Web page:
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Road Warriors

By Jeff Koch on May 16, 2013.

San Antonio 94, Golden State 82
San Antonio wins series 4-2

The Spurs had controlled the game almost the entire way, but it was slowly slipping away in the 4th quarter, agonizing point by agonizing point. Our Big 3 were all struggling, our offense had completely stalled out, and our defense, while still solid, could not be expected to allow zero points over the final 5 minutes. Fickle momentum was making her inevitable swing to the home team, and a Game 7 on Sunday seemed inevitable.

From my comfy chair in my living room, I was screaming for Parker to come out, who was just murdering our offense with missed shots, TOs, and the most careless of mental mistakes you almost never see from him. Cory Joseph was set to check in for him, but Parker waived him off, and Pop acquiesced. Instead, Splitter came in for Duncan, who was clearly tired (short on several jumpers), and closed out the game, in which the Spurs extended a 2-point lead to a 12-point victory.

This is why he is one of the greatest coaches of all time, and I sit on my chair in Portland, OR screaming at the television like a child or a fool.

Don’t misunderstand: Parker was killing us. And so was Duncan. Had we lost, we could be talking about the decision to not pull Parker. But Pop saw something to leave Tony in and take Tim out, and it worked perfectly. (To Splitter’s credit, he had a wonderful second half, the best he has looked in the entire playoffs, and something we’ll need to see from him in the next round.) Splitter’s activity on the pick and roll put just enough spring back in the offense, Parker moved off the ball, ceding most ball handling duties to Ginobili, who, instead of forcing the action, became “good” Ginobili for 4 minutes. And, perhaps most improbably, Parker hit the two biggest shots of the game: 2 corner 3s that stemmed the time, and then brought on the tidal wave. All of this, after being something like 1 for 14 up until that point.

Anyone who watches basketball knows that Parker is not a 3-point shooter. But close Spurs’ observers know that over the last 3 seasons he has slowly worked it into his game, particularly from the corners. While still judicious in his selection, he has become proficient enough at the shot to not make every fan cringe as soon as the shot goes up. But here’s the thing: it can be assumed that Parker has probably put over 5000 hours of practice into that shot. When a player adds a new dimension to his game, it’s most likely after about 2 to 3 years of perfecting it in the offseason and in practice and in quiet moments of games. So Parker has been in that gym, hour after hour, month after month, season after season, putting up hundreds, thousands, of corner 3s. Building repetition and confidence.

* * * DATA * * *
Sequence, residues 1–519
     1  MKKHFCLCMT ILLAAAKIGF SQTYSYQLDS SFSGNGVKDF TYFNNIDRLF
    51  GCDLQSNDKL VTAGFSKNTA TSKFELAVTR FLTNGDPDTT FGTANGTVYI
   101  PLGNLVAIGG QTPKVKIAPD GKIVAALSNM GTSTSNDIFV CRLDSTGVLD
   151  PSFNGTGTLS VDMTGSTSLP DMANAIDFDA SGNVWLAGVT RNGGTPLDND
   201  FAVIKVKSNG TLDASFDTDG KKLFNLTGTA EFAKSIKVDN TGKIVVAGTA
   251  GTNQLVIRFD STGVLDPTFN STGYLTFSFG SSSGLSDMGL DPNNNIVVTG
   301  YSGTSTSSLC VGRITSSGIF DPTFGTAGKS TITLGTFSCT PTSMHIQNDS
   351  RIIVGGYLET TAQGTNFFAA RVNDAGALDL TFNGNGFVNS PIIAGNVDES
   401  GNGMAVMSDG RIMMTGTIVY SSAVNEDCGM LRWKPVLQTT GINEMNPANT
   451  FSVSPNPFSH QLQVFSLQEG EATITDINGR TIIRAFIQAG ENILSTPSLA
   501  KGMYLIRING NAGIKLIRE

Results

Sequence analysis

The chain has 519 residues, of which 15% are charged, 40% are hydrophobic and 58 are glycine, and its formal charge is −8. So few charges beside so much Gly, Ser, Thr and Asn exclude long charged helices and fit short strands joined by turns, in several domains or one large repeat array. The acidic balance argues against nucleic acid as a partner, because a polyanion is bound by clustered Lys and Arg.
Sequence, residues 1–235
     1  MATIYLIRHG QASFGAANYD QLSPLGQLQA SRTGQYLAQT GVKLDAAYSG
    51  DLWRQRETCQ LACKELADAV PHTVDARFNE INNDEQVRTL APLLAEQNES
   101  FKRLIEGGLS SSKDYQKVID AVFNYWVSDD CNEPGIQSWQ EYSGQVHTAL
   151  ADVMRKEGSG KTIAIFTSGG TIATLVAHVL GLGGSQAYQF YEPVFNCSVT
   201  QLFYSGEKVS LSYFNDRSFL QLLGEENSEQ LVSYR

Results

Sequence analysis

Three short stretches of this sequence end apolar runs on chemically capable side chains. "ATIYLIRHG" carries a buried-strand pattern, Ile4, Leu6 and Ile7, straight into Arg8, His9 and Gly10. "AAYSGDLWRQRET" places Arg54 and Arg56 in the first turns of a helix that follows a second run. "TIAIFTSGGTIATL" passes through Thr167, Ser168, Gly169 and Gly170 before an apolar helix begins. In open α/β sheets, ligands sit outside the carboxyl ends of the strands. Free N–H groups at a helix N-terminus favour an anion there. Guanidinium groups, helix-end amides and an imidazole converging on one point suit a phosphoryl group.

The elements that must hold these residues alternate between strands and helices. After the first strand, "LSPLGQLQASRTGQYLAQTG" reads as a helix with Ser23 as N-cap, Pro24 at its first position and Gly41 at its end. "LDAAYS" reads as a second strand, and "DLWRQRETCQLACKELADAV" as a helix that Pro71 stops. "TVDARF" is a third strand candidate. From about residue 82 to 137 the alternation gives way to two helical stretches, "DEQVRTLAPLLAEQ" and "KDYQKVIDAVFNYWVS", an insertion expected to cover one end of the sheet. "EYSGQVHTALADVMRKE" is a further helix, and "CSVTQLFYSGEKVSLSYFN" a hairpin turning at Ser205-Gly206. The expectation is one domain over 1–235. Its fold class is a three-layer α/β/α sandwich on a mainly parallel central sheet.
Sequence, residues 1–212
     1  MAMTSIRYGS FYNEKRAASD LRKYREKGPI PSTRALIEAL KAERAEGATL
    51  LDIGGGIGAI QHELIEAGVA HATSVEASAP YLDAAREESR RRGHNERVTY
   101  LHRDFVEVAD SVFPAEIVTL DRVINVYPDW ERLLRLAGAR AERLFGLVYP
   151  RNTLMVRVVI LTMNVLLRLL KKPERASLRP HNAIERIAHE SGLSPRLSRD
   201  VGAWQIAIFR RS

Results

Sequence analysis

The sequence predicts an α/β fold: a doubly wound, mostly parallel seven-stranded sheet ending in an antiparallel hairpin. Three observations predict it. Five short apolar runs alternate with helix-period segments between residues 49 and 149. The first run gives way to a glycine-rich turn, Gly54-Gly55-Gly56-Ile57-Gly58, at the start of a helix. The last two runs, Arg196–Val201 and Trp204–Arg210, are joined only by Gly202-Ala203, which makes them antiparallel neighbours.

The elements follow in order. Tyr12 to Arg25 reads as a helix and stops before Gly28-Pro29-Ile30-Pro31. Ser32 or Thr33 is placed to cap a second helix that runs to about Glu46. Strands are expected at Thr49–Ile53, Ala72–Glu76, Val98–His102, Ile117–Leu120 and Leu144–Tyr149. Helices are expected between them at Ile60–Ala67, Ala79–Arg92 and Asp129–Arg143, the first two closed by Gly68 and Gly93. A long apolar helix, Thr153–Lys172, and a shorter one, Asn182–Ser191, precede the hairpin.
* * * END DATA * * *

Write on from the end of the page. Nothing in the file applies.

For a moment just like tonight.

So when that ball finds him in the corner off of great action from Ginobili and Splitter, and he must take the shot, his body and his mind have been ready for that shot for years. And despite the struggles up until that point, he calmly steps into the shot and swish. Spurs win.

Basketball is a game of inches. On the other end, both Curry and Thompson had big 3s that were halfway down and rimmed out. Between Parker’s two threes and those two threes, that’s a 12-point swing. Ball game. Sometimes it just comes down to a few shots, a few makes or misses. You play 82 games, 1 round of playoffs, and get to a Game 6 in the second round, 44 minutes in, and it just comes down to a few makes or misses. For almost 15 years, the Spurs have been better at winning those inches than almost any other team.

This is why we love basketball. This is why we love the Spurs.

Game 6 was really the culmination of a trend that started in the second half of Game 2. The Spurs kind of figured out the Warriors on both ends of the court, and just needed to stay the course and trust the system, and they would have an excellent shot at winning. They did, and they did

Before we move on, all credit to the Warriors. They were a bigger, stronger, tougher, and more well-prepared team that I initially thought, and they made it a genuine series. Far from being a one-man show, they were an ensemble act, and I was consistently impressed and surprised by everyone’s contributions. I don’t know if I’ve ever been more frightened by an opposing player’s shot than Curry’s. The whole organization is classy, and it was a treat to watch a hard-fought and competitive series that still maintained a firm level of respect and honor between the opponents. My favorite part of most any series is the team hugs and handshakes after it’s over, and tonight’s did not disappoint. I look forward to many great battles with this team.

For tonight, let’s savor another Western Conference Finals for a team that seemed completely washed up not 3 years ago. We’ll have plenty of time to preview the Memphis series this weekend.

Game 1 tips on Sunday afternoon on ABC.

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